Super Smash Bros. Brawl, the latest installment in the Super Smash Bros. series and one of the most anticipated video games of this generation, was released in Japan on January 30 after numerous delays pushed back its release date.
In the United States, the first official release date for the Nintendo Wii game was in early December 2007, but that was pushed back to February, which was then delayed a second time until March 9.
“It’s pretty frustrating,” said James Appleby, Troy sophomore.
Appleby is just one of many gamers who preordered the game in hopes of receiving it in December, but instead wait impatiently through the delays.
Nintendo spokespeople gave no official reasons why the delays were called for, besides to help “fine tune” the game, so fans could only speculate.
“I think that Nintendo recognizes the Super Smash Bros. series is a cash cow, everybody loves Super Smash Bros.” said Jamelle Dooley, Naperville, IL sophomore. “I think they are making sure it is together and not let people be disappointed.”
Throughout the online community, message boards also gave speculation to the reasons why the game was delayed, and probably the most prominent one was allowing game developers more time to put a bigger emphasis on online play.
“I definitely think [online play] would make the game more addictive,” said Appleby. “That’s the appeal of Halo; you can sit down and play with people around your same skill level.”
Online play is one of the biggest reasons that the release of Halo 3 this past September was the highest grossing opening day in entertainment history. There were over one million people who were playing online within the first twenty hours of the game’s release.
Online play was not possible with the first two installments of the Super Smash Bros. series, whose first game was for the Nintendo 64 and the second, SSB Melee, was for the Gamecube. Instead, local multiplayer was a huge success, where four people could sit together on the same console and play together.
The multiplayer is the reason why Appleby finds the games so enjoyable.
“You can play with all different people and it’s always changing,” he said.
While the local multiplayer option will still be available, gamers are anxiously waiting for the first match they play online, either against a friend or a total stranger.
“It’s going to be amazing,” said Ben Lutz, Au Gres freshman, about playing online. “I look forward to being able to face a wide variety of people, and possibly being destroyed by people from around the world.”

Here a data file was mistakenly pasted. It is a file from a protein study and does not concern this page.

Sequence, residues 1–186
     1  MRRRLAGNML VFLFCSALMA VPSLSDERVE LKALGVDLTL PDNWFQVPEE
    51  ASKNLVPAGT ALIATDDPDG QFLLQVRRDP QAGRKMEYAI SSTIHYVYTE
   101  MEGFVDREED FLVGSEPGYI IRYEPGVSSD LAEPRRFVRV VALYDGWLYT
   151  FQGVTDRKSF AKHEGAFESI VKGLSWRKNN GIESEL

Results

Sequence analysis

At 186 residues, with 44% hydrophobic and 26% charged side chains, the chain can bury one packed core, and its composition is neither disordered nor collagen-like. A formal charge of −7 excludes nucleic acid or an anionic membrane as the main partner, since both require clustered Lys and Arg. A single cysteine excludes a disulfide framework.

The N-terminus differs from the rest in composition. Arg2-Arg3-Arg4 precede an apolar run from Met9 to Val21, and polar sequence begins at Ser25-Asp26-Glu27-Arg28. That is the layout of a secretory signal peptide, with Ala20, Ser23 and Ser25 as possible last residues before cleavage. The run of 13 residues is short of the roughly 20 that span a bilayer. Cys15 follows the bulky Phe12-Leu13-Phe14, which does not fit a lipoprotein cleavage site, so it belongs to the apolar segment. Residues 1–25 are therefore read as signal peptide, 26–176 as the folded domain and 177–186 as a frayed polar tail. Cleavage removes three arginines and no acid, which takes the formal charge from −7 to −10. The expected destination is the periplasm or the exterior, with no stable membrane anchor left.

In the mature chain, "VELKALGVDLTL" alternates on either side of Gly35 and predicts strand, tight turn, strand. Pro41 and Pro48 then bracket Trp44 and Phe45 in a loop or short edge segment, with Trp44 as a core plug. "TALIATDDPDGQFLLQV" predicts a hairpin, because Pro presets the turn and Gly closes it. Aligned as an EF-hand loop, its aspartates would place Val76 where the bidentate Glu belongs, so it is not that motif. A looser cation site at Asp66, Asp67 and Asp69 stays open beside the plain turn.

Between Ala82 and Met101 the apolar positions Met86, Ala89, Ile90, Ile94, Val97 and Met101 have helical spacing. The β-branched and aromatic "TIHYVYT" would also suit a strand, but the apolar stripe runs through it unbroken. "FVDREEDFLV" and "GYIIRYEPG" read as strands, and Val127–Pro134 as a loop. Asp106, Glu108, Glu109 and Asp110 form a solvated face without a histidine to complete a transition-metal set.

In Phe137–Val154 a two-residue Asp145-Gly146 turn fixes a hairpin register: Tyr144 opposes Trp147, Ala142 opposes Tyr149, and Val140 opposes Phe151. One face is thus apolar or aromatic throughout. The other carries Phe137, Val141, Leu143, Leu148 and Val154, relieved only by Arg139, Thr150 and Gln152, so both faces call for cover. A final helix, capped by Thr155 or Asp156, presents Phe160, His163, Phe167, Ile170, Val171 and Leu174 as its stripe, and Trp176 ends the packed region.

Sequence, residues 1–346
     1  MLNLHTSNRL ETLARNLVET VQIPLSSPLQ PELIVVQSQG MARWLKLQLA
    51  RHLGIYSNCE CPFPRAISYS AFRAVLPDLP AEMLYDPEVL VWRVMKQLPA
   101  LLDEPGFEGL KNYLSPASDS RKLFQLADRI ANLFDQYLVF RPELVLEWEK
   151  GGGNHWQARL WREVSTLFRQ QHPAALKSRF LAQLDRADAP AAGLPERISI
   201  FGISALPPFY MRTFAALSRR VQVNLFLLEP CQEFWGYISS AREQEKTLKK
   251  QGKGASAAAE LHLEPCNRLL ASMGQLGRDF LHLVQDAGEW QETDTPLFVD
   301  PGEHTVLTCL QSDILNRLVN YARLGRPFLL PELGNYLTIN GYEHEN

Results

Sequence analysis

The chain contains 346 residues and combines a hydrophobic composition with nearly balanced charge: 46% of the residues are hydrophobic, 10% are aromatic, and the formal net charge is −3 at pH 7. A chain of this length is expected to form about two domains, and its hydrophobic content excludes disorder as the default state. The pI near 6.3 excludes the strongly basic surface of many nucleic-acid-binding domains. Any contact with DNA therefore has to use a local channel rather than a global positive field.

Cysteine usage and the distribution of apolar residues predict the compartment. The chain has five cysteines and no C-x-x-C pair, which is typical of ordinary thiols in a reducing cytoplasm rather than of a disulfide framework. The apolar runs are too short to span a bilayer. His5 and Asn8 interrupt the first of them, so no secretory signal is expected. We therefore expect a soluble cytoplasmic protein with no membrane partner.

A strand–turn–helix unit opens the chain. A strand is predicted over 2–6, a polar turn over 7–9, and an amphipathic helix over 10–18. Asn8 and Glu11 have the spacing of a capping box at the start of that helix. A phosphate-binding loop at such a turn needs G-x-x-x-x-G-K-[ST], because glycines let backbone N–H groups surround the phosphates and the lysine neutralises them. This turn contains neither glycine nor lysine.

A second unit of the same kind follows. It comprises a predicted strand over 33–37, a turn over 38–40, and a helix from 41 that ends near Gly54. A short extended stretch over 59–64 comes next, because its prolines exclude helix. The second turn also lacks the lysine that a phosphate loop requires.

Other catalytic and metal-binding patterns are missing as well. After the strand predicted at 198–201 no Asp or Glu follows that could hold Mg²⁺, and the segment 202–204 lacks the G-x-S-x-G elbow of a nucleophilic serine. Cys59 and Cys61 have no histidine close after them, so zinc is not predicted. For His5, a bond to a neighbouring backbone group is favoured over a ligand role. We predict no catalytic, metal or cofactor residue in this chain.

With the online play, it may even add an extra challenge.
“Some people can dominate the AI; the AI isn’t really that hard to beat,” Dooley said. “But when you play against another person you have to use strategy.”
Perhaps the next biggest feature in the game fans look forward to is the larger cast of characters to choose from. All of the original characters from both previous games are making their return, plus new additions to make a total of 37 playable characters.
“I’m really excited that they have Meta Knight and the Pokemon Trainer,” said Lutz, “a whole other level of fighting right there.”
Appleby also looks forward to playing as Meta Knight, as well as other new characters.
“Meta Knight and Pit both look pretty cool,” he said, “and Sonic [the Hedgehog], I like fast characters.”
Indeed, Sonic the Hedgehog, a third-party character from Sega, will be making his fighting debut in the SSB series, as well as another non-Nintendo character, Snake from Konami’s hit Metal Gear Solid series. This is the first SSB installment which the character list is not made up of entirely Nintendo characters.
However, not every Nintendo character has been featured in the fighting series.
“I really hoped one of the hidden characters was one of the koopa turtles,” said Lutz. “In Mario Kart Double Dash, when you select him he is ready to fight and it’s not even a fighting game!”
Also for the first time in the SSB series, Brawl will feature customizable controls for four different ways of playing the game.
Since the Wii allows for backward compatibility with Gamecube games, the Gamecube controller can plug right into the Wii console and is one way players can control their fighter.
“I’m going to favor the Gamecube one,” said Appleby. “I’ve gotten so used to it from Melee.”
Other methods include using the Wiimote and Nunchuk attachment, holding the Wiimote on its side and using it like a regular controller, and using the Classic Controller attachment with the Wiimote.
“The fact that I don’t have a Wii is going to hinder, it is going to be a major problem,” said Lutz, who favors the Xbox 360 for this generation of gaming, but still hangs onto his Gamecube to play Melee. “I’ll probably buy one.”
It may be the case for Nintendo where they may see sales spike up surrounding the release of Brawl, similar to that of Microsoft’s sale of the Xbox 360 when Halo 3 was released.
Nintendo is still leading this generation’s console war in terms of sales, having sold almost 9 million consoles by the end of 2007, and according to the NPD group, consumers purchased 8 games for every Wii sold in December.
In the first day of its release in Japan, Brawl sold 500,000 copies, which is far more than the number of copies of 2007’s Game of the Year, Super Mario Galaxy.
“I don’t think Brawl is going to get game of the year,” said Appleby. “Fighting games have never made it to game of the year. It’s a really under the radar game, which is weird because everybody plays it.”